This scarce issue contains a remarkable gathering of poetry. A quick glance at the table of contents reveals many familiar names. Malahat’s current editor, John Barton, who was, back then, co-editor of Arc, has two poems here; Susan Glickman also contributes two poems. David Zieroth’s four poems are perfect examples of his brand of close observation in a deceptively simple, yet dream-like, narrative style. A man looking down at a speed bump from his window is suddenly in the frame, but back in time “to when and where I leapt / from the car, to find Father in the yard, / Mother in her garden, / light fixed on them as if they knew / they’d changed and I could see them / only in relief against the place I knew best…” (“The Speed Bump”). Jan Conn and Anne Compton have a poem each, and Jan Zwicky contributes four, three of which contain the word “song” in their titles. Her collection Songs for Relinquishing the Earth would win the 1999 Governor General’s Award and this poet/philosopher/musician’s engagement with lyric would also result in the 2005 publication of Thirty-seven Small Songs & Thirteen Silences, from Gaspereau Press.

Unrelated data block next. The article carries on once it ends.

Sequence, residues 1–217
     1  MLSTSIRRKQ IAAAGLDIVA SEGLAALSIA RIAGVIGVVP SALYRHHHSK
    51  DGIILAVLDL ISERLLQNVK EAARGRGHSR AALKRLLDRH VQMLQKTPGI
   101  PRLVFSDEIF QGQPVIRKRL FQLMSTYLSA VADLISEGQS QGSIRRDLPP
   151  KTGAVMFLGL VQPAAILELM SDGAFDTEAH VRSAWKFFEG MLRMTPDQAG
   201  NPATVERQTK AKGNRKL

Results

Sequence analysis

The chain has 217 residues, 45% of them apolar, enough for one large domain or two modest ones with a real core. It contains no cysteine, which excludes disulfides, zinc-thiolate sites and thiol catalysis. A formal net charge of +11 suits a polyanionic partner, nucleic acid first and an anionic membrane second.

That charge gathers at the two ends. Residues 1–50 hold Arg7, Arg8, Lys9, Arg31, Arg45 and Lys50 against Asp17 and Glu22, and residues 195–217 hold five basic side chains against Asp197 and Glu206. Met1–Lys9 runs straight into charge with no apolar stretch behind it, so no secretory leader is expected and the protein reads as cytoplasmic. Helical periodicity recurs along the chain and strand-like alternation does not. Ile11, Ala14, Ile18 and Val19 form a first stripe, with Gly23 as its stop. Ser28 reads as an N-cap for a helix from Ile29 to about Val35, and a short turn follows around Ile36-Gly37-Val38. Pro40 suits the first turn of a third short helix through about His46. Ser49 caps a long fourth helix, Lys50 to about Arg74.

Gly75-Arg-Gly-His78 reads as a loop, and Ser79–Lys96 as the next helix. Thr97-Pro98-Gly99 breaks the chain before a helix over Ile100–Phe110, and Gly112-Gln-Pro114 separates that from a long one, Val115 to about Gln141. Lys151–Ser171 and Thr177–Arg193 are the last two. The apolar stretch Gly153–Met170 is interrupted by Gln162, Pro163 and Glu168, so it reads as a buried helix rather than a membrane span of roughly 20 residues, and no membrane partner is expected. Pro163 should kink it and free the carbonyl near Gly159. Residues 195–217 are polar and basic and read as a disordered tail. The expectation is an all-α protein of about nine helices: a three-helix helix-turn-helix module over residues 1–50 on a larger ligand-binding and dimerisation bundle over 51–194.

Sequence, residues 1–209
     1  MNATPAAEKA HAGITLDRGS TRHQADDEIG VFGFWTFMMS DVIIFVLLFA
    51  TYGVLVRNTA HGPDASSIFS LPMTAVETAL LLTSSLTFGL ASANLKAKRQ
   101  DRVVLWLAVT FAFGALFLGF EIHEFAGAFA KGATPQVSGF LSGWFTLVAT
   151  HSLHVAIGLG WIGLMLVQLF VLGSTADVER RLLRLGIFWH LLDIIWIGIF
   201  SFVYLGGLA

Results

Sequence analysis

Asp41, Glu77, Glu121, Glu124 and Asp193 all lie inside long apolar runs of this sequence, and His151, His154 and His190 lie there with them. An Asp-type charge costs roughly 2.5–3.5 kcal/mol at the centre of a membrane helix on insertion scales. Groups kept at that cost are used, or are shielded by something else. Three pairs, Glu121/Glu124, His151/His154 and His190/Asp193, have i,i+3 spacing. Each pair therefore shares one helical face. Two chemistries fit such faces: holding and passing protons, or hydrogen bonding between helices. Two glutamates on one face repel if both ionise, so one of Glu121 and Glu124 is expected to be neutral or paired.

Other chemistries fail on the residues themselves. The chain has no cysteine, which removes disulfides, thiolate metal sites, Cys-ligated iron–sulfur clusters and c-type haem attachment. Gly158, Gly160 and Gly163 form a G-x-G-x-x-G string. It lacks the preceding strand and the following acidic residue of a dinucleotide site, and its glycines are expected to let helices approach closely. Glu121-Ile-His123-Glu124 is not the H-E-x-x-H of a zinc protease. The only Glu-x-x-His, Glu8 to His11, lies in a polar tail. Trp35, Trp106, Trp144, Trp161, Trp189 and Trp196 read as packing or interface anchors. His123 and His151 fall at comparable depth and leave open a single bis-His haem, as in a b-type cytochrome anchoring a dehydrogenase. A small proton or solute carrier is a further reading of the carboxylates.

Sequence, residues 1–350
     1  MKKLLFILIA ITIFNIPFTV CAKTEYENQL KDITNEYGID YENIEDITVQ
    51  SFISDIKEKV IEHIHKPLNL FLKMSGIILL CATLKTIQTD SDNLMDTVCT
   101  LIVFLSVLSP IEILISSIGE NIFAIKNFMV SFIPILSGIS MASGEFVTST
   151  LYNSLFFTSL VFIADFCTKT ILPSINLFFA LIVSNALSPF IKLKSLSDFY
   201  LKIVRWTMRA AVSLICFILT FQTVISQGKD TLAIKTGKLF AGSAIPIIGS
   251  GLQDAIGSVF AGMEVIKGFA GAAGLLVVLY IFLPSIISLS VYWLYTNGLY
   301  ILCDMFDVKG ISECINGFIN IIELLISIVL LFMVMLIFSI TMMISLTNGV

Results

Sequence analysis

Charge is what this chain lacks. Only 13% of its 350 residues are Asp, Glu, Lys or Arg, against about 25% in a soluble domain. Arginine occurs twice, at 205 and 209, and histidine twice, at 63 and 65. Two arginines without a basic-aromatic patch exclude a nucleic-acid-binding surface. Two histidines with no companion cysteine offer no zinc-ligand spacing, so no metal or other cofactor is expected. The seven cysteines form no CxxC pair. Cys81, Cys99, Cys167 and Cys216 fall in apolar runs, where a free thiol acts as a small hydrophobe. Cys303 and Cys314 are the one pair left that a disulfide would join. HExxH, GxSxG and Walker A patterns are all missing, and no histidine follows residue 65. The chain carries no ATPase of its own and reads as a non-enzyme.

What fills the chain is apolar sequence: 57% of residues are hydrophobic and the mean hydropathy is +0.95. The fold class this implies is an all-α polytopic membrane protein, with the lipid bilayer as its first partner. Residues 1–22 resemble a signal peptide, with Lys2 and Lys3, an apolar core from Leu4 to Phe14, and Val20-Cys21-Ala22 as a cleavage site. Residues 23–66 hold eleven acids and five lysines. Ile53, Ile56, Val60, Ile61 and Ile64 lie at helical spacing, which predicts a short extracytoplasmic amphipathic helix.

For me, however, the highlight of this issue is the translation (from Spanish) by Victoria’s Geoff Hargreaves, of two short stories by Mexican authors. Fabio Morábito’s “The Tourist” follows the travails of the Count as he is waylaid in a small European village while en route to Paris. His hosts are adamant that the Count, who is suffering from “twinges in his liver,” remain until he recovers, but also insist that he visit some of the areas more noteworthy attractions, including Frick’s Fly, a domesticated housefly, The Battered Edge of Mrs. Riatzy’s Sink, and the Worm-Eaten Trim on the Back Cover of Mr.Tusnesdor’s Bible. Curiously, the Count begins to see the significance of all of these wondrous things. The second story, “Each to His Own,” by Jaime Moreno Villarreal, also has a traveller who feels out of his element in a foreign place—this time a hapless translator gets swept up in a shady gemstone deal in London.
There is also fiction from Barbara Lambert, who won Malahat’s 1996 Novella Prize. “Where the Bodies Are Kept” is set in Vancouver and is, essentially, a story within a story, with a touch of noir. The narrator, feeling lost and dissatisfied in her own life, relates the bizarre story of her neighbor, Kate, in extraordinarily imagined detail. “I listen—not to the rattle of a shingle on my own roof, but to how that house of Kate’s must have echoed as she stood there in the hall.”
Michael Crummey and Bill Gaston also have stories in this issue. Crummey’s “Afterimage” is a haunting tale of a family’s strange, intergenerational inheritance, and Gaston’s “Angels Kill Hummingbirds” is also a story about family, where an uncle’s death could bring new life to those left behind. Told with his trademark off-hand humour and colloquial dialogue that speaks volumes, this is vintage Gaston.